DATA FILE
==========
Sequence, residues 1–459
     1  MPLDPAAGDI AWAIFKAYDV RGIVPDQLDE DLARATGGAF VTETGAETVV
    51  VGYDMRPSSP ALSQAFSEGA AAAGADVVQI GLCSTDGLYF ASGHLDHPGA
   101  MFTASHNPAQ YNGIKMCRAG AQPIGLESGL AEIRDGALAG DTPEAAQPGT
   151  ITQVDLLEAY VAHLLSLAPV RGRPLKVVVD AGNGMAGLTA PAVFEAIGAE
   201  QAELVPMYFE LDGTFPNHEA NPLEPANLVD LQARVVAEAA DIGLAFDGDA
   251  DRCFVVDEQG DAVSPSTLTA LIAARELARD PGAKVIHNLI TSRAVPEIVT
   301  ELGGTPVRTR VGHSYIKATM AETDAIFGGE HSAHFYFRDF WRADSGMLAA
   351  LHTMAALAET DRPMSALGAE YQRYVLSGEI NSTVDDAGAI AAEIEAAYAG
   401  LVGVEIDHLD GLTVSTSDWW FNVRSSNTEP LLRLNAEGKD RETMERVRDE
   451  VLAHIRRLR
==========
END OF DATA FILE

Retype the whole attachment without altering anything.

Sequence, residues 1–459
     1  MPLDPAAGDI AWAIFKAYDV RGIVPDQLDE DLARATGGAF VTETGAETVV
    51  VGYDMRPSSP ALSQAFSEGA AAAGADVVQI GLCSTDGLYF ASGHLDHPGA
   101  MFTASHNPAQ YNGIKMCRAG AQPIGLESGL AEIRDGALAG DTPEAAQPGT
   151  ITQVDLLEAY VAHLLSLAPV RGRPLKVVVD AGNGMAGLTA PAVFEAIGAE
   201  QAELVPMYFE LDGTFPNHEA NPLEPANLVD LQARVVAEAA DIGLAFDGDA
   251  DRCFVVDEQG DAVSPSTLTA LIAARELARD PGAKVIHNLI TSRAVPEIVT
   301  ELGGTPVRTR VGHSYIKATM AETDAIFGGE HSAHFYFRDF WRADSGMLAA
   351  LHTMAALAET DRPMSALGAE YQRYVLSGEI NSTVDDAGAI AAEIEAAYAG
   401  LVGVEIDHLD GLTVSTSDWW FNVRSSNTEP LLRLNAEGKD RETMERVRDE
   451  VLAHIRRLR